Getting back the Pulse

Not one to be left behind, Yahoo does a Buzz with Pulse

The Internet started out as a place that was disconnected, with information scattered everywhere. To get to where you wanted, emerged a world of portals followed by the search engines. Companies such as Yahoo and AOL excelled at it, but over the years many of the giants faded into oblivion or changed their business models. While Google stuck to search and started building a whole lot of other things, Yahoo was still busy playing a hybrid between a portal and a search engine.

But that was before people started sharing information on their own using Twitter, Facebook, Flickr and every other social media platform available. This took the Internet user to different websites and too many pages, meaning there were too little eyeballs on the portals. This was a problem that needed a solution. Google came up with Buzz, but it got caught in privacy issues. Now, Yahoo is trying its bit with Pulse.

Before the dawn of Google and Facebook, there was a time when Yahoo Messenger meant the world to everyone. But when social networking took away it winds, Yahoo was left with no option but to transform itself. Some time back, Yahoo profiles reincarnated itself as Yahoo Pulse with some very attractive changes. Though still at a preliminary stage, Pulse seems like it has the ability to define the next wave of online computing and information sharing. To some users, Pulse — — will seem like a bit of Twitter, Facebook, Orkut and Yahoo Messenger rolled into one; a bit intimidating at first. But this is where I think it gets its edge.

As digital cameras have become cheaper, people want to share their pictures online. Some are very personal, and you will only want to share them with a few select friends. Others are of cats, dogs and mountains that you would love to show the world. This is where the integrated Flickr album in Pulse comes to your help.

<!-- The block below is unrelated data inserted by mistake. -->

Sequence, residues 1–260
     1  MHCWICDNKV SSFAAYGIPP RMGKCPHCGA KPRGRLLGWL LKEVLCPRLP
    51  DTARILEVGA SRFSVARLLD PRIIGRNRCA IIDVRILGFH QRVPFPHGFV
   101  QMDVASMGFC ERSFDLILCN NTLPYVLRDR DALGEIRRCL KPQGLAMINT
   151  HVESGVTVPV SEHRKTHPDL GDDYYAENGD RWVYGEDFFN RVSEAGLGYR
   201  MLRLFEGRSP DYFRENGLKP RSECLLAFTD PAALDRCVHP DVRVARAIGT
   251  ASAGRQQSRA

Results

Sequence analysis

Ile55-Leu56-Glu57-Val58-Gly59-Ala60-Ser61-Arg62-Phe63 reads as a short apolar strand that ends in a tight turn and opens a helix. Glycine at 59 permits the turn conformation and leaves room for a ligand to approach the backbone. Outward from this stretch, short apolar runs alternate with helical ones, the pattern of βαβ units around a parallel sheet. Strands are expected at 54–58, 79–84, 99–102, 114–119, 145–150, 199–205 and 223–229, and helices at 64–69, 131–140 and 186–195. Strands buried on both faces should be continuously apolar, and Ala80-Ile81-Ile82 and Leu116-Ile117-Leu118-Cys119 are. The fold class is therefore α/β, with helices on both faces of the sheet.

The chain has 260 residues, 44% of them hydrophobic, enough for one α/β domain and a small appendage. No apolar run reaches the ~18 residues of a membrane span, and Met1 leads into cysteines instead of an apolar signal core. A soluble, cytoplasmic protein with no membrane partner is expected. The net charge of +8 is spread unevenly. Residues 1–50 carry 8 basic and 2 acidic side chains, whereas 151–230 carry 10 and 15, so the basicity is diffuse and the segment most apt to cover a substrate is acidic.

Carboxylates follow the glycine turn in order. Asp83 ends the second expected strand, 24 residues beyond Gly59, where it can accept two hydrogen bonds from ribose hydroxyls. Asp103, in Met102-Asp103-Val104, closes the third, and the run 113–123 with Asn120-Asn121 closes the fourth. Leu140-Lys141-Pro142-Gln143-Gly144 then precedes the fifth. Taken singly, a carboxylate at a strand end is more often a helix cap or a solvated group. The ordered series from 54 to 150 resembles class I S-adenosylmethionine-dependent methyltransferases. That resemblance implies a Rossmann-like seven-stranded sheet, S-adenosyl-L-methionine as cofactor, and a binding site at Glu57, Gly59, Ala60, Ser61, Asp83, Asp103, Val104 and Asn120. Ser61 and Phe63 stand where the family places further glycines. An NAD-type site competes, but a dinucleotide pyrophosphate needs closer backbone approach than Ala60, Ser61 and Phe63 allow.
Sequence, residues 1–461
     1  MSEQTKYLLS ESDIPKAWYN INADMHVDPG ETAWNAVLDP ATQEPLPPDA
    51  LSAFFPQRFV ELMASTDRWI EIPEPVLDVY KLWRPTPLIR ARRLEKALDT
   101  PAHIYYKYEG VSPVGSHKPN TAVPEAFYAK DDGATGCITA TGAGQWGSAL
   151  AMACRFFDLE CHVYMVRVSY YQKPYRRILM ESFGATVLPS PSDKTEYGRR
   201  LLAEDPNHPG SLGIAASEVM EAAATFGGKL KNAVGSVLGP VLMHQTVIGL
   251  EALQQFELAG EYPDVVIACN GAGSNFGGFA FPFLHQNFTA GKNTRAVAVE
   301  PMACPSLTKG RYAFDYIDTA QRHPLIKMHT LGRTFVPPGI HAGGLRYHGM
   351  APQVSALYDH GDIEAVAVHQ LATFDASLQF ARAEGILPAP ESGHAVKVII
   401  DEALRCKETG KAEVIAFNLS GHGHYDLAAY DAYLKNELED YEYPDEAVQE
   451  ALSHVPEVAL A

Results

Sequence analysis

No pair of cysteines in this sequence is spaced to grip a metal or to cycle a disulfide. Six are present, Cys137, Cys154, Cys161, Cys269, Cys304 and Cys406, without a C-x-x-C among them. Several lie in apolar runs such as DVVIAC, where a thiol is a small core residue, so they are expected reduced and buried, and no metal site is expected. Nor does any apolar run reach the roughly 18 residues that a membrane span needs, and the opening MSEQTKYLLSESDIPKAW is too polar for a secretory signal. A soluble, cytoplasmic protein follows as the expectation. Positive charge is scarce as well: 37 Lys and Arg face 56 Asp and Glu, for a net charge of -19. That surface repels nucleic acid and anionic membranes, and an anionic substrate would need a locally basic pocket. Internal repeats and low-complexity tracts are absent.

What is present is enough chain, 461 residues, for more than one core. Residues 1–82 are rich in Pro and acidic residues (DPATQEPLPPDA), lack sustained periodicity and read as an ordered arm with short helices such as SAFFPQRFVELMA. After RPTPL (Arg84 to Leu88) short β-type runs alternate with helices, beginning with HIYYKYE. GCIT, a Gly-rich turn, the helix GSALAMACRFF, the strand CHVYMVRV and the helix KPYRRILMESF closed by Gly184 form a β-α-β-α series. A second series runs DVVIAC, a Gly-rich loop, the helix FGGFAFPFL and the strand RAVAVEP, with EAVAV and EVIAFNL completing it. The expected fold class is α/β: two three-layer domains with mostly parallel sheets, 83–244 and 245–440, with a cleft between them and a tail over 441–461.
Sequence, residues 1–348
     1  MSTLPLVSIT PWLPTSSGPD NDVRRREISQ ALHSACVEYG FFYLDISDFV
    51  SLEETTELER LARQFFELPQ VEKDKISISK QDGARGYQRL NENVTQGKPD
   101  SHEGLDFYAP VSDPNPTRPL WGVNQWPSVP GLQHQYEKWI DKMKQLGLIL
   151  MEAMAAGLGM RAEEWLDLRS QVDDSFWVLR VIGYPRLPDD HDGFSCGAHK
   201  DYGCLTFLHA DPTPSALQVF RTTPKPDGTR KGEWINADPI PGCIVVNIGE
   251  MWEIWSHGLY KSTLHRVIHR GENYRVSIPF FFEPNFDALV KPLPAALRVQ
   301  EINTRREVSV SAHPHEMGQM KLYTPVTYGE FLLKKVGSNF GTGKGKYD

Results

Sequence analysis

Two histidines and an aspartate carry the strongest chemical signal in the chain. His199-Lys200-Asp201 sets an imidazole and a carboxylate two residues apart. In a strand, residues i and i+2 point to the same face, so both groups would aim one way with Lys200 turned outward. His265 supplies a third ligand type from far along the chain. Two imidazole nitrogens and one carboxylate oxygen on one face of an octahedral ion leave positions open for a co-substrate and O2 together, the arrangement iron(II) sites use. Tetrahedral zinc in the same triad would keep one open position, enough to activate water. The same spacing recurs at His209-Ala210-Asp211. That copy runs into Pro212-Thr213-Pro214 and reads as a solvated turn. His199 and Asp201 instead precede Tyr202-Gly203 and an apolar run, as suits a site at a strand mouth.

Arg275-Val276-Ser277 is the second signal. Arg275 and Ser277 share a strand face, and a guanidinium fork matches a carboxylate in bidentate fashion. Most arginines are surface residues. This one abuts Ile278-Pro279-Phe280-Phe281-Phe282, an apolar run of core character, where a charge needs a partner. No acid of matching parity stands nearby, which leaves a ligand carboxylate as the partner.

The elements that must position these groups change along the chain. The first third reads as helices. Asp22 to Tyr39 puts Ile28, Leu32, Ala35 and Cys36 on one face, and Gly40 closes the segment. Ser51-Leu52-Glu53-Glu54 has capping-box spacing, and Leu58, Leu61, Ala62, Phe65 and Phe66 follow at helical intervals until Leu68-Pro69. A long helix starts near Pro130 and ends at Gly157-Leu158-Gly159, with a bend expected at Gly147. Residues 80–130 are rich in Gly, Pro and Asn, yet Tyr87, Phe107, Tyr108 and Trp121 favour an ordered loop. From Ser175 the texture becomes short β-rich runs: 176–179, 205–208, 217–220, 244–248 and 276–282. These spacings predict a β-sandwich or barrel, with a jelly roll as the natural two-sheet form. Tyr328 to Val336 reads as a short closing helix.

Then there is the integrated blog engine which does not limit your expressions to 160 characters like Twitter or a few lines like Facebook. On Pulse, you can write a long blog post and then, if needed, automatically share it among your connections.

Like Facebook, Pulse too gives you applications and games. You just have to click the application tab on the left and add games or applications, and there is already a good range to choose from.

As of now, Pulse only integrates with Facebook and Flickr. I would have loved to see a Twitter plug-in as well as the ability to login and fetch my mail from Gmail and Hotmail, but then these things take time. For those of you who are looking for a Facebook replacement, Pulse is not what you want. But for those of you looking for an extension to sharing information with your online friends, Pulse presents an attractive and user-friendly option.

And thankfully, Yahoo has handled the privacy issue very clearly. Your information can be slotted under three definitions — No one, Friends and Everyone. Select ‘no one’ and then absolutely no one will be able to see your thoughts and ideas, ‘friends’ mean only those in your contact list can read your posts and the ‘everyone’ option means it’s for anyone to see.
So if you were looking for a one-stop networking solution, retaining Yahoo as your home page, look no further.

The above article appeared in the Indian Express, on Sunday 27th June 2010